SAR-E-PUL (SW) – Afghans have long been opting for migration, however, the numbers of those fleeing their country due to security concerns and economic hardships have escalating to unprecedented levels recently.

Sayed Mohammad, a resident of Sar-i-Pul province, is one of thousands of young people who feared the deteriorating security situation in the province, especially in the district where he lived, forcing him to take the path of irregular migration despite all the threats and financial cost of the bitter journey.

Narrating the tale of his ordeal, Mohammad said that he wished to achieve physical and mental security by migrating with his family to a safe country.

He explained why he migrated: “Our only problem was the lack of security, the security was not properly maintained, the security agencies had less control. In the province where we lived, only the provincial center was in the hands of the government and the security forces otherwise rest of the province was in the hands of the armed insurgents.”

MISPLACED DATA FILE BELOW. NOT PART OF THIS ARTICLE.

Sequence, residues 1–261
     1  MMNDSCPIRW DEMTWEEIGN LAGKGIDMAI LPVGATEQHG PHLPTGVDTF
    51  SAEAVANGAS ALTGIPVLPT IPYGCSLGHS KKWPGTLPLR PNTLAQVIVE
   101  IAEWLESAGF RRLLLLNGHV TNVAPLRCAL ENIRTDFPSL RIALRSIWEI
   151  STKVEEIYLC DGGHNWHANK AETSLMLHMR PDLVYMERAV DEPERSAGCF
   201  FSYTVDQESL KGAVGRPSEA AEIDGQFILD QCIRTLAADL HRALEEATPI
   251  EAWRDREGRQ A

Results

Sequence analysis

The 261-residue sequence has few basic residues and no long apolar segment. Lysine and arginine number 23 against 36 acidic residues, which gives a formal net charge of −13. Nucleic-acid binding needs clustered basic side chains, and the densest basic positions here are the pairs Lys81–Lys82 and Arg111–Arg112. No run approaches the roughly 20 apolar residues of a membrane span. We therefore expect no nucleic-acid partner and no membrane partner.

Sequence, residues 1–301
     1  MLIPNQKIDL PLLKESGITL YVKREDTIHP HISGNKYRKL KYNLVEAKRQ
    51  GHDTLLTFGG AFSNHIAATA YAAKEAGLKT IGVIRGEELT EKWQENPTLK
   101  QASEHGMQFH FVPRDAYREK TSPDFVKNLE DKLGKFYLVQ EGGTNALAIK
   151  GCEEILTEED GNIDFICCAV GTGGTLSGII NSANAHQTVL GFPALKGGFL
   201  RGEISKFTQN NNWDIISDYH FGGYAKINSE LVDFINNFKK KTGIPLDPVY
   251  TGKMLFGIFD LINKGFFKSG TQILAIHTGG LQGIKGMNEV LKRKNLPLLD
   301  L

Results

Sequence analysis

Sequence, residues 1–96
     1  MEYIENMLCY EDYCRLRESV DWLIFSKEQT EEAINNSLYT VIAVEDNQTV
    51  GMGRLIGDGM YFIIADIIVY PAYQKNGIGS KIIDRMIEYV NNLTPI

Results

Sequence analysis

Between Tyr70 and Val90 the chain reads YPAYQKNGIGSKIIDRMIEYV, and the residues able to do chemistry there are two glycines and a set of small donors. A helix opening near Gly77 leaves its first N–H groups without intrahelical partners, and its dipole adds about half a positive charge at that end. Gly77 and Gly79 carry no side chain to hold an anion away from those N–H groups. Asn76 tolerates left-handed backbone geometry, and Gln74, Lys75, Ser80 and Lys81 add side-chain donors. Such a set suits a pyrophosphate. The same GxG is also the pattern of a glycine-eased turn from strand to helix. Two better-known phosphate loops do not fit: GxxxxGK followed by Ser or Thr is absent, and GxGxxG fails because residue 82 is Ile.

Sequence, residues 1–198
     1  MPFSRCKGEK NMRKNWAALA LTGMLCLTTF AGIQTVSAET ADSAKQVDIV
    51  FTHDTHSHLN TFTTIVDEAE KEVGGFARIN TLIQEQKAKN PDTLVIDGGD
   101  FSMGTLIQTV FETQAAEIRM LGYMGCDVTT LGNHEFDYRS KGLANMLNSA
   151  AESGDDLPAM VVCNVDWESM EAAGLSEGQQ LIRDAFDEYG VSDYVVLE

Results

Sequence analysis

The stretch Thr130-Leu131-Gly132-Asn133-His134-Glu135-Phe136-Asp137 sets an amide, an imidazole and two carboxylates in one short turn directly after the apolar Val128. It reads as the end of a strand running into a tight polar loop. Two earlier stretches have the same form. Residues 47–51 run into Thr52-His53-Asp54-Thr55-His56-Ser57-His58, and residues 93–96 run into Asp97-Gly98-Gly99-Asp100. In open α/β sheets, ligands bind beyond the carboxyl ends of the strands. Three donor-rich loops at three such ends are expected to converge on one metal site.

Talking to Salam Watandar, he acknowledged that the smugglers do lure many to choose this path to escape the threats, but the bitter ground realities also compel many to risk their lives and seek to flee out of the country via irregular routes.

He explained that he had to sell his home, appliances and other belongings to cover his travel expenses. Mohammad recalled they spent about two years in a refugee camps in Greece and from there went on to Italy and eventually to Germany after enduring unbearable pain and suffering.

Now living in Germany, Sayed Mohammad said he is still feeling unrest despite spending many years in Germany, and would likely to return to Afghanistan if peace talks yield positive result.

Ruhollah Sheikhzada, an adviser to the Migration Resource Center (MRC) said the success of peace talks can help bring security, welfare and reduce migration as well as help large numbers of asylum seekers return. He, however, warned if the peace talks come to a standstill, Afghanistan will witness another wave of migration.

Mortaza Rasouli, head of protection and legal affairs at the Ministry of Refugees and Returnees, said in this regard that basic support is extended to refugees who return to the country voluntarily after registering with international organizations.

Migration from Afghanistan has recently increased due to insecurity. The phenomenon is not limited to small towns and remote villages, but major cities including capital Kabul have witnessed a number of families resorting to irregular migration due to insecurity.

ENDS

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